If Eli was 16 or 17 instead of 8, I’d get him a jet ski for Christmas. It’s a two-fer gift idea, because I want one too.
I rediscovered my love for these fast machines this summer on a boat outing on the Connecticut River with Eli. He didn’t have a friend with him, so we spent the afternoon playing baseball and swimming off the back of our boat, pulled up on the sand at Sunset Beach. All the while, we watched a group of young boys on jet skis just off the shore. Their machines were fast, and the boys were reckless.
Turns out, I happened to be sitting next to their mom on the sand. She was clearly intoxicated, and struck up a conversation with me by telling me so. We got to talking, and I peppered her with questions and learned her family was from New York; my new friend was a corrections officer at Riker’s Island. “That’s why I need to get intoxicated,” she told me.
She nodded toward Eli, who was playing in the sand, and asked me if he had his own life vest.
“He does,” I said.
“Would he like to ride on a jet ski?” she asked.
“Sure, if I can drive,” I said. (No way was I letting Eli go off with those wild boys.)
I got a thumbs up, and Eli and I were thrilled with the unexpected as we hustled into our life vests. I put Eli on the seat in front of me, but I operated the throttle. It had been years since I’d been on a jet ski, and I was exhilarated with the pick-up of the machine and its capacity for speed.
“Grammy, slow down,” Eli hollered to me repeatedly over his shoulder, and I did each time, but, inevitably, I would accidentally accelerate again.
We headed south toward Brunelle’s Marina, and after a few minutes, I let Eli control the throttle. I thought having a bit of power at his disposal would help him to relax, but he was fixated on the speedometer, and each time we reached 20 miles-per-hour, Eli would cut the speed and slow down.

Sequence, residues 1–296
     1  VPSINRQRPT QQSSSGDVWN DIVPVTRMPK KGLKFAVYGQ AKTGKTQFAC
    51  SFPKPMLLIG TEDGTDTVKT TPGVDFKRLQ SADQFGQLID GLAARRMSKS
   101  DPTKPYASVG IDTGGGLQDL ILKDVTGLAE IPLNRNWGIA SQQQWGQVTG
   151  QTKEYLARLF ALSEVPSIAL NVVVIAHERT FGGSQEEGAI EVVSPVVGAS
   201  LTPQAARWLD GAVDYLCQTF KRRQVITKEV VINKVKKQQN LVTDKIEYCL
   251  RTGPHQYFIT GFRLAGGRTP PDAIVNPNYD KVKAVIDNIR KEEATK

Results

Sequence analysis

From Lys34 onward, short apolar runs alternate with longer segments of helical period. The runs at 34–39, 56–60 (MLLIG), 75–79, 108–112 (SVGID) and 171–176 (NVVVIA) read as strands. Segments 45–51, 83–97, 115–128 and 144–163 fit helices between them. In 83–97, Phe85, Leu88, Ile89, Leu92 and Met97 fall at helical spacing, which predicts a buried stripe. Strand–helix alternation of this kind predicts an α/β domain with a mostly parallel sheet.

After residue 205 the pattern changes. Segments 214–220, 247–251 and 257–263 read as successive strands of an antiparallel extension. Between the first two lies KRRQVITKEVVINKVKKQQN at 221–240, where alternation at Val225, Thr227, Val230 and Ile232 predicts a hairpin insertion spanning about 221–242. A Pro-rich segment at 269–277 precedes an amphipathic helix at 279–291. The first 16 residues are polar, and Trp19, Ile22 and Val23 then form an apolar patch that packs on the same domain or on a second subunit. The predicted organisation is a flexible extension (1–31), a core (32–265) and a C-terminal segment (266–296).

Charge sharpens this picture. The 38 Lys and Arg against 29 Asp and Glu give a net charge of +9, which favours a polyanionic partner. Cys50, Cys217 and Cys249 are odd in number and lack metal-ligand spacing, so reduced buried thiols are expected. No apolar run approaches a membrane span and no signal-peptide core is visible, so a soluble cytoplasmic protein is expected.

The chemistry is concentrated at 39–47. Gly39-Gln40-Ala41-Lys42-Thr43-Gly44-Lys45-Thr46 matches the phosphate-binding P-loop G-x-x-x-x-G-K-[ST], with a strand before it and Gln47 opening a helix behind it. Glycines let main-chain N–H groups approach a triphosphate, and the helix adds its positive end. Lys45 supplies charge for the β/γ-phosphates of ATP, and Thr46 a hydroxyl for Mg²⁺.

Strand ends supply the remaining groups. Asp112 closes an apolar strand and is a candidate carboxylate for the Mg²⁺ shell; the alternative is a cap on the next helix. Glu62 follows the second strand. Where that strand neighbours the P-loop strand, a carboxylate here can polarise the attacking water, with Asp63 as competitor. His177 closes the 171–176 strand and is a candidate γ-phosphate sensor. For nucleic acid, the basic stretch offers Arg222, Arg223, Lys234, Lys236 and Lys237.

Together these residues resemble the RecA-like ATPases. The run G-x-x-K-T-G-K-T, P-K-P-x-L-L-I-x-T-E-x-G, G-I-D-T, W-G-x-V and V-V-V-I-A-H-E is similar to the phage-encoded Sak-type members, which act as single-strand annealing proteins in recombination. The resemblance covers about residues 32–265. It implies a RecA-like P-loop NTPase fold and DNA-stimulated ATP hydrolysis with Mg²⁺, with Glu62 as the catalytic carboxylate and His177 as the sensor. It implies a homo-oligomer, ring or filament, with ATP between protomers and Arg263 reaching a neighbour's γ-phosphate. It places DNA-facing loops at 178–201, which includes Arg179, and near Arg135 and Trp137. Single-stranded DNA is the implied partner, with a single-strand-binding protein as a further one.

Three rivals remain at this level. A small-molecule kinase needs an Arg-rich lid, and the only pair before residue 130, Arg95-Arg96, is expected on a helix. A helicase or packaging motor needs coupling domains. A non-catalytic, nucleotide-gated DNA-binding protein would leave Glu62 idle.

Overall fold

“Come on Eli,” I begged. “Let me open this thing up. Let’s see how fast it can go.” He did not agree, but he kept yelling, “Grammy, this is awesome,” and indeed it was.
As Eli drove and got comfortable in the role of captain, this was his continual refrain: “Grammy, this is awesome, right?”
Eventually, I got back to the matter of speed. “Please Eli, just let me open it up one time,” I said, wheedling.
“OK,” he said, giving up the throttle.
The wind was whipping our faces, and the sun was warm on our bodies. It doesn’t get any better than it was in those moments on the water. I waited for a few boats to pass, and I saw a straightaway clear of boats and waves. “Okay, here’s a good opportunity,” I told Eli, and I explained why. “Here we go.”
I applied pressure to the throttle with my right index finger. The increase in speed jostled us backward in our seats and was instantly intense. “Grammy,” he cried out. But he did not ask me to slow down. He called out the numbers on the speedometer as they rose, and when we got to 45, he said, “OK. Stop.” I stopped.
Back in our boat, and all night long, we did not stop talking about that ride. It was the best 15 minutes of our day and very likely the best surprise of summer.
In eight more years, Eli will be old enough to drive a jet ski. Then, we’ll get our own, and I’ll go out by myself and open it up!